A 40-year-old woman who admitted that she had made her 14-year-old son have sex with her on four occasions told gardaí they were living in what was described as a house of horrors.
Roscommon Circuit Court was told this afternoon that the incest took place after the woman returned in a drunken state from a local pub.
The boy later told HSE support services about the sexual assault.
When gardaí arrested the woman, she admitted the offences and said she was sorry for what had happened.
'Yes, it was a house of horrors with bells on it,' she said.
'My kids were sexually abused, not washed and not fed - I am the worst mother in the world and I don't deserve to get my children back.'
Sentencing before Judge Miriam Reynolds began this afternoon.
The woman, who cannot be named for legal reasons, has pleaded guilty to charges of incest, sexual assault and wilful neglect and is being sentenced at Roscommon Circuit Court.
Her six children were aged between six and 15 when the offences took place over a six-year period at the family home.
In the course of detailed evidence given to Judge Reynolds when the case opened this morning, Sergeant John Hynes said the woman and her six children were living in appalling conditions at the family home when he first investigated the case.
He said the children were not fed properly, suffered from head lice and were beaten on regular occasions.
The mother left them alone in the house and went drinking on an almost daily basis. The house itself was strewn with rubbish, dirty clothing and stale food.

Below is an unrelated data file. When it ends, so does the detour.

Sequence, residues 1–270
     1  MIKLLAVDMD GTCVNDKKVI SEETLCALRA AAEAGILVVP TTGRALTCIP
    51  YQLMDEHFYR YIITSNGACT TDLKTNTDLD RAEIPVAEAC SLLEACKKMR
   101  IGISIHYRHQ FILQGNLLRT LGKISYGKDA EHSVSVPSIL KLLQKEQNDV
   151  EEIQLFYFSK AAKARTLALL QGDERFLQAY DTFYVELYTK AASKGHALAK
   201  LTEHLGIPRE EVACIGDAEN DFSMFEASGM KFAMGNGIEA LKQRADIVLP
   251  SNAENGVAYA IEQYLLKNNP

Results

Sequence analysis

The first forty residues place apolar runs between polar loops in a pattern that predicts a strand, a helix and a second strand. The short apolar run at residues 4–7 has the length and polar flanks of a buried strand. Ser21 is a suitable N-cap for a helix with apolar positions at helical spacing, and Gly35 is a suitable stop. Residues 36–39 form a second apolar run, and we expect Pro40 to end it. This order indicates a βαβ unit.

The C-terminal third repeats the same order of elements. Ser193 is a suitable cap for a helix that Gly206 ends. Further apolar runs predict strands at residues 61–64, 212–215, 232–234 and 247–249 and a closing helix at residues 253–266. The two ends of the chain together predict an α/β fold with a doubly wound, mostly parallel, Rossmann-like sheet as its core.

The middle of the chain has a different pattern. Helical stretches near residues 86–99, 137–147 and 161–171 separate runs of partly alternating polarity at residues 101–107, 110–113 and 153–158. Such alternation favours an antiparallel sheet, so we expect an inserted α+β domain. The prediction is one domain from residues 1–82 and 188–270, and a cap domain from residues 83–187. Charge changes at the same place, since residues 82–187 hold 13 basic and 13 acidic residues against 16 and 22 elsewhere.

Sergeant Hynes gave evidence that the children were never toilet trained properly and fought amongst themselves while their mother was out in the pub.
The court was told a local doctor reported his concerns to the western health board but while social workers were coming in two days a week, the children were warned not to speak about the way they were treated and the full details of what the woman's sister described as horrific cruelty were not disclosed to gardaí until the children were taken into care at the end of 2004.
Judge Reynolds was told the Western Health Board had made an agreement in 2000 that the woman's children would be placed with their maternal aunt and uncle.
Childcare workers with the HSE told the court that the woman had subsequently gone to the court and secured a High Court order restraining the Western Health Board from going near her house or moving the children.
Judge Reynolds was told this order was secured by the woman with the support of a Catholic group and the plan to place the children with their maternal aunt and uncle did not go ahead.